JP Morgan senior investment strategist Jared Gross has said institutional investor interest in cryptocurrency is “essentially absent.”
Intense marketing in the industry has been successful in promoting crypto adoption, with millions of users recorded in 2022. However, the industry needs a better strategy to get big institutional investors involved.
The year 2020 saw massive growth in the industry, with the value of BTC jumping from $10,000 to $68,000 and higher. Unfortunately, the intense bull run ended in late 2021.
In 2022, BTC, the industry leader, fell almost 65 percent throughout the year, and ETH, the second most popular cryptocurrency, dropped from $3,700 to $1,200 in the same period.
The crypto market cap is currently around $810 billion, falling from $2.2 trillion a year ago.
Majority of institutional investors happy to ‘miss the train’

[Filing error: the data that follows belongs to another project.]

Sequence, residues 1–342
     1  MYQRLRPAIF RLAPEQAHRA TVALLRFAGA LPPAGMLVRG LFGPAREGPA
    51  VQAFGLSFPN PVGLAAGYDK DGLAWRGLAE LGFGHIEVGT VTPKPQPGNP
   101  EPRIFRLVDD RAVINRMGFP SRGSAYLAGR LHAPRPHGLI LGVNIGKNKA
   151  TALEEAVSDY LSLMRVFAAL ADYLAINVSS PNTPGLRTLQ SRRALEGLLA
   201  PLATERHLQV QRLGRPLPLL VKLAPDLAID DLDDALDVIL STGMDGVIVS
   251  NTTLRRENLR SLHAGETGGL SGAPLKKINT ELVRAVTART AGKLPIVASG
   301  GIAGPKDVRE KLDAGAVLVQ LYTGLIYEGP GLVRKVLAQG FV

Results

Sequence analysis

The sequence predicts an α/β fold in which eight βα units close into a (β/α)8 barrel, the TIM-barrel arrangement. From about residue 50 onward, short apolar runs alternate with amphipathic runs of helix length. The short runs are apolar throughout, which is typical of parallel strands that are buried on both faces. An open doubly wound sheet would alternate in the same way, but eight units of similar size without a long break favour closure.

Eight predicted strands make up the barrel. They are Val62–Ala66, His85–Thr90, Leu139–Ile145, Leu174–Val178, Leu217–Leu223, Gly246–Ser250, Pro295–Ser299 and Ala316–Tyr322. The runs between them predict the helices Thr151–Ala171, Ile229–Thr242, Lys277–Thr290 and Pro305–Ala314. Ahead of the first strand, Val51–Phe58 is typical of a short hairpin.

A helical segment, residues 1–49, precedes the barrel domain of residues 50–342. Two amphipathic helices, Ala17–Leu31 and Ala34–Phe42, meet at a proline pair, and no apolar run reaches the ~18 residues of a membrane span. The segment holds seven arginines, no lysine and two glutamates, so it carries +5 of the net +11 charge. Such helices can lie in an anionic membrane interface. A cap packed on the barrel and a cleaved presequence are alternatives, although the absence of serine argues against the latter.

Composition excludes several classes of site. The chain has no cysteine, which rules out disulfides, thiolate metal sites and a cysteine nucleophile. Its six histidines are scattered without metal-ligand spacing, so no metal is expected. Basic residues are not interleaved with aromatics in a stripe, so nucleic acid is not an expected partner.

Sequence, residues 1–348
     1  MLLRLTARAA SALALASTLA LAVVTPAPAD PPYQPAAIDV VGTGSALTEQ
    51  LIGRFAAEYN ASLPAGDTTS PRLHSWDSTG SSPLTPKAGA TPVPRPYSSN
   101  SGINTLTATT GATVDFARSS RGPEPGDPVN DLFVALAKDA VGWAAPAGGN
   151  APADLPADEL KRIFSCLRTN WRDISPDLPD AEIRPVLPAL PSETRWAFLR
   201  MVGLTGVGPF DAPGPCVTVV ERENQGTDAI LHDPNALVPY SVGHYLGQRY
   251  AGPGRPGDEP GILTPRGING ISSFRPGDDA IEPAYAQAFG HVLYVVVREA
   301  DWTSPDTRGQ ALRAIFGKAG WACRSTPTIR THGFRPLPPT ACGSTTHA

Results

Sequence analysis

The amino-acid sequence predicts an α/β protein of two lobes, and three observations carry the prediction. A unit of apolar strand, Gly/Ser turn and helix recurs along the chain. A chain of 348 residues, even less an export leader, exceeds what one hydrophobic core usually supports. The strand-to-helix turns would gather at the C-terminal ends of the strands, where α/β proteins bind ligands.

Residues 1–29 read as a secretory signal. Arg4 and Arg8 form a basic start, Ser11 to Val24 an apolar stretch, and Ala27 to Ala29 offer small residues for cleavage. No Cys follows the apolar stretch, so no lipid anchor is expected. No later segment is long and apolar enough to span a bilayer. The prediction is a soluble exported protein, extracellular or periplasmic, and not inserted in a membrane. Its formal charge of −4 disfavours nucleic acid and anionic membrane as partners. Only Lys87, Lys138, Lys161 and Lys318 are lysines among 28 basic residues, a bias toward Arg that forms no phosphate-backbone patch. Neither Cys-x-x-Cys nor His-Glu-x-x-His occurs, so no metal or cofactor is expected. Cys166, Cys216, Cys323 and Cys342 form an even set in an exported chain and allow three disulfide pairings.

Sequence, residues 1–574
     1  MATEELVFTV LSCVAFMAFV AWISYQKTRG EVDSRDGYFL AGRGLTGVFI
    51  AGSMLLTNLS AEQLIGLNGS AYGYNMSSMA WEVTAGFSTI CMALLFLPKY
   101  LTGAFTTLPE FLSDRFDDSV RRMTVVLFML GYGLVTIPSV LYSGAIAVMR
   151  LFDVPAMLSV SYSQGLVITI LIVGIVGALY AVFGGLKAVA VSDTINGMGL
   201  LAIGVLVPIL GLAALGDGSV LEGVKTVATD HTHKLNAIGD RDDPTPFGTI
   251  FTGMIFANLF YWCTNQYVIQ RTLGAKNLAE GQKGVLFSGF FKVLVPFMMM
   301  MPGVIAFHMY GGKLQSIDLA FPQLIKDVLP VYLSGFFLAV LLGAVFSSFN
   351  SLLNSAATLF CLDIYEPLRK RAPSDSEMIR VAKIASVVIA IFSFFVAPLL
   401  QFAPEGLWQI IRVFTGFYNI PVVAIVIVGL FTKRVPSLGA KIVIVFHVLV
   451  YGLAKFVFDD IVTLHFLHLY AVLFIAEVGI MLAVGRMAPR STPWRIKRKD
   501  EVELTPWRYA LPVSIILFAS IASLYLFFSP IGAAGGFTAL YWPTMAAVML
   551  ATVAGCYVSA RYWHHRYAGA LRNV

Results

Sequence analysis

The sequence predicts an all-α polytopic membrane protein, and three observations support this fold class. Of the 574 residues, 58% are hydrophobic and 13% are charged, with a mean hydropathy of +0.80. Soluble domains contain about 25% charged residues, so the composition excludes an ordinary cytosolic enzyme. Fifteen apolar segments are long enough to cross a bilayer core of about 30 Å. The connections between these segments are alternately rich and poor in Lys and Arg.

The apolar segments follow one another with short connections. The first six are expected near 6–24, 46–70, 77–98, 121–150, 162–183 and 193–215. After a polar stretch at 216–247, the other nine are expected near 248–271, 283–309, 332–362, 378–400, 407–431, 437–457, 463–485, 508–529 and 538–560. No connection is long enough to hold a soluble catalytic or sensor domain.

Gross believes the sharp decline of the crypto market in 2022 makes most institutional investors happy they approached the industry with caution.
“As an asset class, crypto is virtually non-existent for most large institutional investors. The volatility is too high and the lack of an intrinsic return to point to makes it very difficult,” Gross told Bloomberg.
“Most institutional investors are likely to breathe a sigh of relief that they have not jumped into this market and are unlikely to do so anytime soon.
Even if some institutional investors avoid crypto, major financial institutions such as Societe Generale, a multinational financial services company from France, are adopting it.
Robin Vince, CEO of the U.S.’ oldest bank BNY Mellon, said they would protect BTC and ETH for certain institutional clients. Back in October 2022, the bank announced its Digital Asset Custody platform, allowing select clients to hold and transfer cryptocurrency.
Vince said that customer demand is a turning point for the introduction of institutional-oriented crypto services, and the tipping point of institutional crypto services adoption is customer demand.